Category Archives: Race

What Aren’t Our Children Taught in School?

Are America’s schools teaching children to hate their country?

In his speech at Mount Rushmore on Independence Day, Donald Trump asserted, “Against every law of society and nature, our children are taught in school to hate their own country, and to believe that the men and women who built it were not heroes but were villains.”

Exactly what are our children being taught in school?  Are they learning about hatred?  Yes.  But until recently they were learning about hatred in other countries—about brutal dictatorships in far-away lands.  Ask anyone who paid the least bit of attention in school, and that person could probably name at least a few of the many atrocities from history’s leaders.

A more appropriate question is this one:  What aren’t our children being taught?  What has been omitted from lessons to ensure that our children grow up with a love of America at the cost of being blind to the brutalities of our history?

I am reminded every day just how woefully ignorant many of us are about what it means to grow up Black in this country.  Recently, I’ve been reading Trevor Noah’s Born a Crime. As I began reading, I remembered that I had written a paper on apartheid in college, so I knew many of the facts about the history of South Africa.  However, as I did research, not once did any of the opinions available to me at the time suggest a similarity to the institutional racism that is also part of America’s heritage.

After college, as a teacher in an oral communications class in the years before apartheid ended, I listened as many of my students gave speeches railing against apartheid.  All of them had a tone that suggested, “Why can’t South Africans do what the Civil Rights Movement did in our country?”  At the time I couldn’t enlighten them because I held much the same view of America.  I was the blind leading the blind in a very white world.

In his introduction to Part III of the book, Trevor Noah says this:

In Germany, no child finishes high school without learning about the Holocaust…As a result, Germans grow up appropriately aware and apologetic. British schools treat colonialism the same way, to an extent. Their children are taught the history of the Empire with a kind of disclaimer hanging over the whole thing. “Well, that was shameful, now wasn’t it?”

In South Africa, the atrocities of apartheid have never been taught that way. We weren’t taught judgment or shame. We were taught history the way it’s taught in America. In America, this history of racism is taught like this: “There was slavery and then there was Jim Crow and then there was Martin Luther King Jr. and now it’s done.”  It was the same for us. “Apartheid was bad. Nelson Mandela was freed. Let’s move on.”  Facts, but not many, and never the emotional or moral dimension.

After nine years of teaching English in southern West Virginia, I moved to Maryland to teach in a school in the D.C. suburbs with an overwhelmingly white population.  A few years later I was awarded a grant from the National Endowment for the Humanities for an independent study of women novelists who were largely unrepresented in the literary canon.  That summer I read Margaret Atwood and Anne Tyler, but, more importantly, for the first time I encountered Alice Walker, Zora Neale Hurston, and Toni Morrison.

Reading these women and learning about the context in which they wrote changed forever the way I taught English.  I had never read a novel by a Black female author, and I vowed that I would try to ensure that no student who ever spent a semester in my literature classes would be able to say the same.  I didn’t always teach those works well, but I tried.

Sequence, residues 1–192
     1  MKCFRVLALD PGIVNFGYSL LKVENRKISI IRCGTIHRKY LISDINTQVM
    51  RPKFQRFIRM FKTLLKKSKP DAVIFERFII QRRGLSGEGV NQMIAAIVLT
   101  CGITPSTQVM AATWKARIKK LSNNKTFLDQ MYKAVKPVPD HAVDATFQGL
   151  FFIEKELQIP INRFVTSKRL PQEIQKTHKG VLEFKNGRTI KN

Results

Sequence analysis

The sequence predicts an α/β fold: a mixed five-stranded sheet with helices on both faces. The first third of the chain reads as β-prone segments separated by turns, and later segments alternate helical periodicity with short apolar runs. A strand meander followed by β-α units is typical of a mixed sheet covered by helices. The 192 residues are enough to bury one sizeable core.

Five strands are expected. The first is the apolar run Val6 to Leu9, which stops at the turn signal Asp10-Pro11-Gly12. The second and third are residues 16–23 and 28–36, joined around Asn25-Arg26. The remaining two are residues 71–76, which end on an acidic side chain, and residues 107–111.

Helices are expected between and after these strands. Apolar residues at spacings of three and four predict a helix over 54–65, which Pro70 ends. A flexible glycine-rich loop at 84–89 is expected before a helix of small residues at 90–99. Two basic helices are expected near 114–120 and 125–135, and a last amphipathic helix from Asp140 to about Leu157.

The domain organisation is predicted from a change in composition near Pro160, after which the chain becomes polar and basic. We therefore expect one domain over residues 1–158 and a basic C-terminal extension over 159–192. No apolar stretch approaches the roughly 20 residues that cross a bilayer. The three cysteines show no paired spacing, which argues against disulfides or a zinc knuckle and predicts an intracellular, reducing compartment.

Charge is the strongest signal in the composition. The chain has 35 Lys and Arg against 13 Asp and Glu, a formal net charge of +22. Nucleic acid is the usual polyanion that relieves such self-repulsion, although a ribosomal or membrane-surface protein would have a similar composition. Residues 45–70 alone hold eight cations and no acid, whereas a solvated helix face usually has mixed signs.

The experience also changed the way I taught other works.  I distinctly remember one young Black man whose parents asked that he be given another book to read while the class read The Adventures of Huckleberry Finn.  He told me that he’d like to read the novel so that he could see for himself whether it was racist, so I called his parents.  I told them that I would be happy to provide him an alternate reading, but I laid out the case for reading Twain.  They agreed, and I introduced the novel by having the class read arguments for and against the novel.  Looking back, I now know I could have done more.

The magnitude of what I wasn’t taught—and what, for a long time, I didn’t teach—is staggering.  I don’t remember the first time I heard the name Emmett Till—and for very good reason.  While Jet Magazine published the images of Emmett Till’s face, white publications protected their readers from the most graphic of the images.

A few months after the National Museum of African American History and Culture opened in Washington, I was invited to join a group of mostly African-American friends when they had an extra ticket.  When we got inside, some of the elevators were broken, and the lines to get into the exhibits on the lower floors were very long.  Our group decided to walk up the escalators and start on the floors that celebrated the accomplishments of Black people, including a wonderful exhibit of President Barack Obama.

I wasn’t fully prepared for what came next.  We went to the lowest floor, where exhibits displayed artifacts from slave ships.  I will never forget my astonishment as I looked at the countries listed on the walls, with the names of the ships and the number of the enslaved who were lost during the voyage or sold as slaves in the United States.  One ship had only a single survivor by the time it reached America’s shores. And nearly every European country was complicit in the slave trade.

But when I got to the events of the 20th Century, the Emmett Till exhibit flattened me.  As a mother, I cannot fathom Mamie Till’s pain or the courage it took for her to demand that America look into the face of her son.

I cannot fathom, either, how it’s taken another 65 years for righteous anger to erupt in the streets of America—an anger that demands that this time, white people like me do not look away.

And yet many of us are still looking away, even as the cameras roll.  Two years ago, on the 50th anniversary of Dr. Martin Luther King, Jr.’s assassination, NBC released the documentary Hope and Fury: MLK, the Movement and the Media, and at the beginning of June, the network made it available online.  Black journalists say in the documentary that they don’t know a single Black person who hasn’t heard the name Emmett Till or seen that image—that it’s their Kennedy assassination or 9/11 moment—that they can tell others where they were when they first saw the image.

Dr. King and every Black in this country has stared injustice in the face for far too long as whites have retreated to the comfort of looking away.  Fifty-seven years ago next month, Dr. King stood on the mall and, in his “I Have a Dream Speech,” stressed “the fierce urgency of now.”